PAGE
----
May 17th, 2002, 04:14 AM
  #8  
Dave
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Ann,

I use RoyalBrites brand paper from Sam's Club for "album" prints (This week it was 200 sheets for $15 !!). For framing, I still use HP brand paper because it's a heavier stock, but to be honest the RoyalBrites produces images almost indistinguishable from various HP, Kodak and Epson photo papers I've tried. And so far, fading hasn't been a problem (going on a year now). But not all cheap paper is created equal - another type of Royal Brites photo paper I tried doesn't work well at all.

Jim,
After a year of digital photography, I can't recall ONE photo op I lost due to shutter lag. Shutter lag might be a serious issue for Sports Illustrated photojournalists, but most people on this forum will be taking pictures of subjects that haven't moved more than a couple of inches in the past few centuries. I probably couldn't capture a Grand Prix, but my camera is more than fast enough for people, animals, and cathedrals.

Sure, my Kodak DC4800 won't produce images as nice as an SLR with quality glass, but that's hardly a fair comparison. It DOES consistently produce better images than the two (Canon and Nikon) P&S 35mm cameras I used in the past. Plus, avoiding film and development cost has allowed me to take 4000 digital photos in the past year, making me a much better photographer.

It would be very easy to use a poor digital camera badly and come up with terrible photos that were a hassle to capture, but it's not that hard to find a good camera, learn to use it well, and create a great photographic experience that produces excellent results.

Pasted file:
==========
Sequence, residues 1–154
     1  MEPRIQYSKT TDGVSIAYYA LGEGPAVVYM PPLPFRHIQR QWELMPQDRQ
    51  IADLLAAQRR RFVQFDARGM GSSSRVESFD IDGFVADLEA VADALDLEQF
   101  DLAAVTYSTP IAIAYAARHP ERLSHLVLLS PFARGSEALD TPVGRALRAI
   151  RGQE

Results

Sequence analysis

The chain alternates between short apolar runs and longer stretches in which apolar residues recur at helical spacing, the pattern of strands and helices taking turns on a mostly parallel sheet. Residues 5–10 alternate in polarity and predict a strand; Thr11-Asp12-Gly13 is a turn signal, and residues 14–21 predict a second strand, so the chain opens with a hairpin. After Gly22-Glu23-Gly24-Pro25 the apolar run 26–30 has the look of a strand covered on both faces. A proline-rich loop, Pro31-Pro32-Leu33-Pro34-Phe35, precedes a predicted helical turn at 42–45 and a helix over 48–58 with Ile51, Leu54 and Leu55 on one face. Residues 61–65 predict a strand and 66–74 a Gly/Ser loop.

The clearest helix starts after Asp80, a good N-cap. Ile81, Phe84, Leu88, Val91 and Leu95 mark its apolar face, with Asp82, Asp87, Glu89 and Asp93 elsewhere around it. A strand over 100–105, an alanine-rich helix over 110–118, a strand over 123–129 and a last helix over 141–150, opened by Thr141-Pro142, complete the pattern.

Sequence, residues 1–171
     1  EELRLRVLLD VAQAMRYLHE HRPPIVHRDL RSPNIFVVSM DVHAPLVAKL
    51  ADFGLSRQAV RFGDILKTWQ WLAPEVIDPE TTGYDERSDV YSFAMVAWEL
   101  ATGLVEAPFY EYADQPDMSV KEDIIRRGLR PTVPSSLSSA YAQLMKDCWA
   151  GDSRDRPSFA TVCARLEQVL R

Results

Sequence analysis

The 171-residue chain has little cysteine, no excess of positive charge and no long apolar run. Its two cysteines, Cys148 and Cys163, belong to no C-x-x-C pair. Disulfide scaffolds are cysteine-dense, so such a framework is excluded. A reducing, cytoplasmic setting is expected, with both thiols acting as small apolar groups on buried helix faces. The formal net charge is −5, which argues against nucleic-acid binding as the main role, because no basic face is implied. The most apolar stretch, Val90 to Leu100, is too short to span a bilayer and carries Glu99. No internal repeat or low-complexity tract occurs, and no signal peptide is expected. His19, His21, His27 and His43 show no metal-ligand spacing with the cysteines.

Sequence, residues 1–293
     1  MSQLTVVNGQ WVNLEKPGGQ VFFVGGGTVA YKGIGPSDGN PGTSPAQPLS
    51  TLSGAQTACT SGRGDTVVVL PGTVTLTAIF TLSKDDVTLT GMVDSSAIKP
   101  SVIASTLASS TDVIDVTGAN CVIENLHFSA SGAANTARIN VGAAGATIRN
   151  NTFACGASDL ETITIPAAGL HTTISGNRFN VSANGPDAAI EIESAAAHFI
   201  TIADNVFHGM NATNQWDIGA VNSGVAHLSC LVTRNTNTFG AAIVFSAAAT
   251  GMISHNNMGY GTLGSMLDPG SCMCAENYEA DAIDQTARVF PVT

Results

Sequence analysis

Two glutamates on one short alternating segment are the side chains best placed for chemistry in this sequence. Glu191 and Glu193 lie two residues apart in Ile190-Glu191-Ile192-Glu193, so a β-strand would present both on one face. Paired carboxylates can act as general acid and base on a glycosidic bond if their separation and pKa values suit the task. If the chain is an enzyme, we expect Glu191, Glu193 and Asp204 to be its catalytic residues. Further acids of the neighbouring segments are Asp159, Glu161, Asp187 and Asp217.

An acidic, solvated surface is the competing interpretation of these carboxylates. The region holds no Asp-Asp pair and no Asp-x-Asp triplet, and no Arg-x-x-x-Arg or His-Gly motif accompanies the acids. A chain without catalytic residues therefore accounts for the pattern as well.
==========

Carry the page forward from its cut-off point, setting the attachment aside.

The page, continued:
May 17th, 2002, 08:49 AM
  #9  
steve
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Jim,
I must disagree with your added hastle comment earlier. If anything, my digital is much less of a hassle than any 35mm camera you may have. I have a 1 gig microdrive that will allow me to store 359 photos at the highest quality level. I never have to stop shooting to load and unload the camera. This level of quality is equivalent in appearance up to 11X13 when compared to a 35mm.

Also, when I get home I can crop adjust color, remove other tourists that just happened to jump into the picture at the last minute.
 
May 17th, 2002, 01:40 PM
  #10  
KAM
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Hey all,

Thanks for the discussion! And yes, I am a novice but my fiancee is quite knowledgeable on this topic. That is where the lapse is, I don't have the knowledge and therefore want to bring a 35 MM camera as well as his digital.

(He swears the G3 exists, it just isn't well known.)

And I hadn't even considered the option of printing the photos myself, I was looking at the services that do it for $.50 per 4x6, which I thought was outrageous!

I'm still not convinced, I want a great album of pics to show to my friends and family - I'm not sure I want the hassle of sorting through my 2 wks worth of pics before deciding what to print, but the comments on cost effectiveness (by doing it yourself) are well taken.

Thanks and keep posting to convince me!
- Kristy
 
May 17th, 2002, 04:26 PM
  #11  
xxx
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Kristy -

We have a digital camera and a photo-quality printer, but even without the printer I would still go for digital. OK, the prints are expensive, but you print out only the ones you want, so even at commercial rates, that works out not too bad (do your friends want to see more than 50 photos from one vacation?). Also, there is no problem with emailing photos to friends and family (don't send them at high resolution if you want them to stay friends), and you can arrange them in albums on your computer, for later printing.
 
May 17th, 2002, 04:30 PM
  #12  
JAD
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I usually bring my digital camera and a small Canon Elf. Buy scandisks cards to keep your photos on -- the 128 mg ones hold 200-300 photos...you don't need to download until you get home.You can upload your prints to ofoto.coma and get prints -- and share them with others. Prices are cheap.